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Interview with H-Magazine, Spain


1. The meaning of documentary photography for you:
I am interested in the change of society and the reflection of this change in peoples lives.

2. The concept behind your project:
With photography, I want to document people's life and environment and also their attitude. It has a historical aspect, I would like that people also in 50 or 100 years can know about our lives today. From a sociological point of few, the images can show the economical and social changes of our society.

3. How did the idea come up?
It was easy to visit peoples homes before the 'modernization and opening' of China started. People lived close to each other. Now there is more distance, less chances to see people's homes, we meet outside, or write e-mails etc. I wanted that also now people can see how other people live, a little bit going back to the time when people were closer, more familiar with each others life.

4. The rich and the poor in your eyes:
They are the same for me, for my camera, it doesn't matter if they are foreigners, countryside people, Shanghai people, all are just people. I am not looking down on the poor or up on the rich, I shoot with the same distance, same attitude.

5. How did you get access to the houses of all these people? Has it been easy to convince them to get photographed?
At the beginning through relatives and friends, they introduced me to many people, then this people introduced me to others, the circle got broader and broader. It was often not so easy to convince people. Many people here are now very self protective, protective of their own space, the home became much more a private place in recent years here, many refused, protection of own image plays also a role.

7. Your conversations with the people you photographed.
I asked normally 3 questions: - how is your life situation now - what is your wish, hope - what is the biggest pain/trouble at the moment?

8. Your method of working with interviews.
It was always a conversation, I kept the 3 questions in mind, but we talked  about many other things, mixed them up with many other questions

9. How many differences between people when they are in their living rooms or in their bedrooms?
(LH I think a translation error, from his answer it looks he replied to "how did you select the room where to take the photo" It was a 'subjective' choice but one I hope represents the host. The people showed me all rooms, I was looking for the place which represents the people best (their economic status, hobbies, beauty ideals etc) Many of course had just one room, so i was just selecting the angle, which showed the special feature of the family/home best.

10. Shanghai Living in the 21st century.
I don't know, I just see how the society develops, I am not futurologist, I am a documentary man, but as society develops, i will shoot, document the situation of the society and the peoples who live then.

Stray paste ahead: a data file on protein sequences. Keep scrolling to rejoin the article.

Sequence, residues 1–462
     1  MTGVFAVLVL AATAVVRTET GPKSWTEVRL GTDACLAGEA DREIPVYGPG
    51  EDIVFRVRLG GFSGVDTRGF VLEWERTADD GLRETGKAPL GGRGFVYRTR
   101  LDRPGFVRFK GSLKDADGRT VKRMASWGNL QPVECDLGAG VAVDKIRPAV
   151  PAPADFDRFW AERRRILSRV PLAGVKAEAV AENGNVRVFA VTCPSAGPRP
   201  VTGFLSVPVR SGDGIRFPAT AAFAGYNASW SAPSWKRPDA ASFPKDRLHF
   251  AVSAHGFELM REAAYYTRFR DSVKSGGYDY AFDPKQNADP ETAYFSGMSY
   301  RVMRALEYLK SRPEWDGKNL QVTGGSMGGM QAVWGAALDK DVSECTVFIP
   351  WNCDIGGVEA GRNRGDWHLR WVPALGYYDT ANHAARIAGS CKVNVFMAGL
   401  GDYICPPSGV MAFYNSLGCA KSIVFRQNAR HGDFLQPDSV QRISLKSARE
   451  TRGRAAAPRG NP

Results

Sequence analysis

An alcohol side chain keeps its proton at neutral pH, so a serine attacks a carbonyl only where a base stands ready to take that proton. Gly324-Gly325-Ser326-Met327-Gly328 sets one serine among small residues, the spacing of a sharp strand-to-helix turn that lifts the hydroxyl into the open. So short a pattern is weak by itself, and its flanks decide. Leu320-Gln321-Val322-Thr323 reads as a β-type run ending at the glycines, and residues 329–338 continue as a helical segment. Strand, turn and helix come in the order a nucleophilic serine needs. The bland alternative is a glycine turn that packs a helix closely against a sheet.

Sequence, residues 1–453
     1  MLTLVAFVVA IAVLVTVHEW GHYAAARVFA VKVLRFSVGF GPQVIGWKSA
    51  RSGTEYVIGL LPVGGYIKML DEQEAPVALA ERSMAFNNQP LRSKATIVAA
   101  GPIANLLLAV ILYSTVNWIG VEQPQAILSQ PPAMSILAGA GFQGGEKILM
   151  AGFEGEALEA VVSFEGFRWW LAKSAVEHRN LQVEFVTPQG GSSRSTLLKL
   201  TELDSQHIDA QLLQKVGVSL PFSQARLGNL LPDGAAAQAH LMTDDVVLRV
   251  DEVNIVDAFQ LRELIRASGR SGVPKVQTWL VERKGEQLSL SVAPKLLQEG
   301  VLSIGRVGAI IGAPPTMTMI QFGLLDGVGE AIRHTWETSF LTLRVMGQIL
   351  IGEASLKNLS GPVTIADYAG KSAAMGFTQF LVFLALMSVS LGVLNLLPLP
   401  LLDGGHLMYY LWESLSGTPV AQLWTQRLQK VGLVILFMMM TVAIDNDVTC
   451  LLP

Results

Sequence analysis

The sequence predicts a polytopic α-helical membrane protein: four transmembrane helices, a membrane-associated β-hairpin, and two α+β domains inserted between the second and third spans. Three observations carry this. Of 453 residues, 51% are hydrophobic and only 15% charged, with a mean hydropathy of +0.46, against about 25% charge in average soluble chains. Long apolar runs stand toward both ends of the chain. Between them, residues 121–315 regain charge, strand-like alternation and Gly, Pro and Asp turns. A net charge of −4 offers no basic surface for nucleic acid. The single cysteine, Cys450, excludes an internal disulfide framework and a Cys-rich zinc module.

11. What is your most desired thing to do if without any particular concern on time, money and energy?
Create a photo museum, with photos from all the different periods of China, collect historical photos and exhibit them, do catalogues etc.

12. And "What is the biggest torture now in your life?"
(xin you yu, li bu zu) If there is something I know already that I can do, but I can not do it yet.

13. What is your current living condition?
OK, satisfied, not rich not poor.

14. Is money important to you?
Important, an important tool.

15. What is happiness for you?
To be able to do what I like to do.

16. How did you pursue photography?I studied music, Erhu (a traditional Chinese string instrument), but I had an accident with my hand and couldn't go on, then I took up photograpie in 1980.

17. Photographers you have as a point of reference?
Robert Capa Ribo.

18. In your interviews you have mentioned that you come from a Chinese wealthy family. How has it been being Chinese and rich twenty years ago?
Yes, very few people had '10,000 RMB'  then, we had so much already 30 years, it is a good life, since nobody had money, cloth and food was no problem for us, while many struggled with that. We could eat a little bit better, dress better, but besides that we could not buy much, there were 'ration tickets', everything then was 'rationed' that is, each household had right to buy a certain amount of rice, oil, sugar etc, so to buy things you needed money, but you needed also the 'tickets', just with money alone you couldn't buy anything

19. Does your house look like any of the houses you have photographed?
I have a room in an old house, it's proper, has some paintings, perhaps similar to some 'cultural works' in my photos, it is not very nice, but I like it most, it's close to nature, I can hear birds. I have also another home in a new upper class development, but I don't like it.

20. How are things in advertising and film in China now?
The advertisement industry develops well, the economy is better, so the ads get better, all the big international companies are here, the local companies develop strongly. The movies are not doing well yet, art movies have no public, no money, many directors regress, give up a personal direction, ticket sales is the only aim, but they don't succeed, commercially and also not artistically.

21. Your future projects?
Shanghai streets/alleys ('Shanghai longtang'), it is a long-term project, life in Shanghai alleys from 1980 to 2005, I have taken the photos already, now I have to take them out, sort, make a book.

22. Your biggest wish for the future?
Peace on earth and that China develops smoothly.

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